The funds raised sit at $34.4 million as of now, and Shipley said her goal for the campaign sits at around $50 million. Since Shipley said she and Vidmar thought they would reach $25 million by the end of the year, the “extreme generosity” from donors has encouraged her.

“Usually we make the big asks early because that encourages a lot of enthusiasm, so Tony and I have already made the requests from donors for over $1 million, now we are in the $500,000 range next,” she said. “The next iteration of the campaign is not about dollar amounts, it’s about number of people involved. We will move away from big donors and foundations.”

According to Robert Forrester, economics general business professor of finance, Carol Dillard, philanthropist, helped the new agribusiness degree plan and said it will offer students an education combatible to Tarltson in the agriculture and finance field at the Town Hall meeting Tuesday, Feb. 13, 2018. Photo by Cortney Wood

According to Robert Forrester, economics general business professor of finance, Carol Dillard, philanthropist, helped the new agribusiness degree plan and said it will offer students an education comparable to Tarleton in the agriculture and finance field at the Town Hall meeting Tuesday, Feb. 13, 2018. Photo by Cortney Wood

Along with the donations report, Shipley said the new agribusiness concentration offers students to get an education comparable to Tarleton State University. According to Shipley, Carol Dillard, long time donor and philanthropist, requested giving funds to create the agribusiness concentration within the economics major because she was disheartened that the people that work on her ranch go to Tarleton for education, so Robert Forrester, economics general business professor of finance, emphasized the benefit this will provide for students.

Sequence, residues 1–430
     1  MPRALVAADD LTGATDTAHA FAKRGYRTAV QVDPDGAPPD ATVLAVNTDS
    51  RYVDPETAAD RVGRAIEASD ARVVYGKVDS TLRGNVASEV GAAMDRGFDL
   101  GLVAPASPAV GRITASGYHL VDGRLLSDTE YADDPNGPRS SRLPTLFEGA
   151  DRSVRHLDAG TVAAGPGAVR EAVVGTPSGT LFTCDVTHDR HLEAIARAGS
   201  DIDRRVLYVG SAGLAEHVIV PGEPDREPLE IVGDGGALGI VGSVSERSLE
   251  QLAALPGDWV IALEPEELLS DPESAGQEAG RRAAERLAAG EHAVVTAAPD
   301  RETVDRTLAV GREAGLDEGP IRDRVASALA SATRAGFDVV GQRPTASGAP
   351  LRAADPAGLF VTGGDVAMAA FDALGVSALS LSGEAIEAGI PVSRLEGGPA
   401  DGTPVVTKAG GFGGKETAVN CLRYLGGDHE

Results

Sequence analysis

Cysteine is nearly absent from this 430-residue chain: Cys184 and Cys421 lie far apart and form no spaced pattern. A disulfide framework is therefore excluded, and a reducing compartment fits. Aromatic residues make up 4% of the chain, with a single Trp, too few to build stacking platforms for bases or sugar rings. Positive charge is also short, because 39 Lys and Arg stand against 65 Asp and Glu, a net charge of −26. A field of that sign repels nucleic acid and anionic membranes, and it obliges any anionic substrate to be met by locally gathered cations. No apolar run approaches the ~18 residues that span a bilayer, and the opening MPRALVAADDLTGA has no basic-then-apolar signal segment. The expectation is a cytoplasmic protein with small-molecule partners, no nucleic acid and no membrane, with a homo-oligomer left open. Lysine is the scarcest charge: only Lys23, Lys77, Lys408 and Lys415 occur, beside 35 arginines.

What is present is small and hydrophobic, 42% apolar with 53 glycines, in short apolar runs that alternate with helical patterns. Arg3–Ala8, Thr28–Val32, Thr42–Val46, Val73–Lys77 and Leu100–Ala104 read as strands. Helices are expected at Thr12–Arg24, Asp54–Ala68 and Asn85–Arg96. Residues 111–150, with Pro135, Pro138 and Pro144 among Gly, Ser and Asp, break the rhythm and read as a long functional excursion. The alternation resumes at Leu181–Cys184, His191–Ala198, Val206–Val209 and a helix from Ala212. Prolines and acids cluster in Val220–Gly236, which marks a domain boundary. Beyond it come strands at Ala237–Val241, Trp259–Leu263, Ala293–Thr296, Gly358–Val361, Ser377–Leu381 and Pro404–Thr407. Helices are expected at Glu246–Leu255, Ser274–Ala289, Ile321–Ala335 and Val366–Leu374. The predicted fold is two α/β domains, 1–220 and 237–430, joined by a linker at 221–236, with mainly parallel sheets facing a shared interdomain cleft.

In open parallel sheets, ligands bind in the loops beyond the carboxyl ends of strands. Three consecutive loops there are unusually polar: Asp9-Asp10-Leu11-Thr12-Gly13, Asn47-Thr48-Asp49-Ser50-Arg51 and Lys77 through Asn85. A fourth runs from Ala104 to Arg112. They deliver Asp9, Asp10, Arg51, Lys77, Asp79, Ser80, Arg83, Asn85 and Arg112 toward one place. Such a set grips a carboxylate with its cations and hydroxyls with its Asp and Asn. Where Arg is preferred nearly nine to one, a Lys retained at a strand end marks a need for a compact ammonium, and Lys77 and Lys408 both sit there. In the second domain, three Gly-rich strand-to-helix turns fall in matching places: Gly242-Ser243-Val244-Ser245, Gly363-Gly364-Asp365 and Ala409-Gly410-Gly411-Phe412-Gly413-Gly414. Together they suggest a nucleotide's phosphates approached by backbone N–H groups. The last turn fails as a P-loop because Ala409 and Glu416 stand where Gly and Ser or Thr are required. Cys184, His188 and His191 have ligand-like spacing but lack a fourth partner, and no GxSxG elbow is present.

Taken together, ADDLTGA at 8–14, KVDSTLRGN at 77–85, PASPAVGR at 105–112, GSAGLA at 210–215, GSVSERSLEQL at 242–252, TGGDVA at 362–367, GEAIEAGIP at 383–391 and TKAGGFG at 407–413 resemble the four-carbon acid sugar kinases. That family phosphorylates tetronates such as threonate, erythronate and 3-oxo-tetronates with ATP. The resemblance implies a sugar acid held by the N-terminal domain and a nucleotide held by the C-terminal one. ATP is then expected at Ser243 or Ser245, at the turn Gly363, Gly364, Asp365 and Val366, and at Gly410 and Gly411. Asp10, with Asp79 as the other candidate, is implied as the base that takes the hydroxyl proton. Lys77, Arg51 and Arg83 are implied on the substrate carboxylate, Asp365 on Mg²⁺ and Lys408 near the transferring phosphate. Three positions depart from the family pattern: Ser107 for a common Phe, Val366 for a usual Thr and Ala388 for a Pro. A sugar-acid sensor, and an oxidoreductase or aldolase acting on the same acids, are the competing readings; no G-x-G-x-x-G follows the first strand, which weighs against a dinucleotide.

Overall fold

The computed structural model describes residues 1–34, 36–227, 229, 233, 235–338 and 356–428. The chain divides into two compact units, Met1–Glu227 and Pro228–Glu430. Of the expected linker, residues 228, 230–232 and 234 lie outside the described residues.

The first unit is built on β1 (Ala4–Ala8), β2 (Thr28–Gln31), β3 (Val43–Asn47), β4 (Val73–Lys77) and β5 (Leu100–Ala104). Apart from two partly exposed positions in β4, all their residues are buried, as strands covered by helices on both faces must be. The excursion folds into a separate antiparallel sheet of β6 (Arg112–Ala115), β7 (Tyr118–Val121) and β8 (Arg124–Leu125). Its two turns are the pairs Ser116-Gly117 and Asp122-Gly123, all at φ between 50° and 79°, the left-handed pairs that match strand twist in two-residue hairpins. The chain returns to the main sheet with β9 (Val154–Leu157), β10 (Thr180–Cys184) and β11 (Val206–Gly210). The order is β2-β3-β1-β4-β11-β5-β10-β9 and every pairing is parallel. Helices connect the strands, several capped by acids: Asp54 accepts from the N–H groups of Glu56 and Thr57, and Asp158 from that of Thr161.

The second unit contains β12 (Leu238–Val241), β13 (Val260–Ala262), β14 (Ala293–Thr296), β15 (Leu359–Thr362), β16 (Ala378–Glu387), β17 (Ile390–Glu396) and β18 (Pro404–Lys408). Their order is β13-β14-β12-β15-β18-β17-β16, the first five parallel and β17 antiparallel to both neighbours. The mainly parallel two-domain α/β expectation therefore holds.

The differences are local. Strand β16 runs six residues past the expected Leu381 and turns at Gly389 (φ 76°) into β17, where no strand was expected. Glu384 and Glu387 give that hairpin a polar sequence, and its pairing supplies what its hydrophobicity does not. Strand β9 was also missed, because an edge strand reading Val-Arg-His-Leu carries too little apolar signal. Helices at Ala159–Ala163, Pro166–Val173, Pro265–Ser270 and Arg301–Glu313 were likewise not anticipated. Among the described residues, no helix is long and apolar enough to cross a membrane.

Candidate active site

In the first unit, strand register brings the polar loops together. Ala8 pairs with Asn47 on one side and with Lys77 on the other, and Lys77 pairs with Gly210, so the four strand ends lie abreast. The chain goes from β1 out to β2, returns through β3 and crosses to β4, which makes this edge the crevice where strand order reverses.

Last year alone, 44,000 jobs were posted in the agriculture business department, and the United States Department Agriculture reported in 2016, 21.4 million full-time and part-time jobs were related to the agricultural and food sectors—11.0 percent of total U.S. employment.

“We realized what an excellent chance and wonderful opportunity this will be for our campus,” Forrester said. “There are more farms and ranches in Texas than anywhere else, so we are in a good location for it. We started to wonder why it hadn’t been done earlier.”

Forrester said the financial goal for these projects each month have been met and superseded expectations, and he said these projects are invaluable to the campus because they “advance lives.”

According to Vidmar, each part of this campaign makes an impact on students as well as those outside of campus because the projects here “change lives outside of here.”

“Part of this campaign is to create a sustainable advancement program, and we are well on our way of  becoming a first class, comprehensive campaign,” Vidmar said. “We have direct correspondence between our president and Board of Regents, and we are lucky to have that kind of dedication.”

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About the Contributor
Cortney Wood, Managing Editor
Cortney Wood is the managing editor for The Wichitan. She is a mass communication sophomore with a minor in journalism. Cortney has been involved with newspaper since her freshman year of high school where she instantly knew her second home was a newsroom; whether that’s because she loves inviting people to share their story with her...
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New student center, Greek life building announced at town hall meeting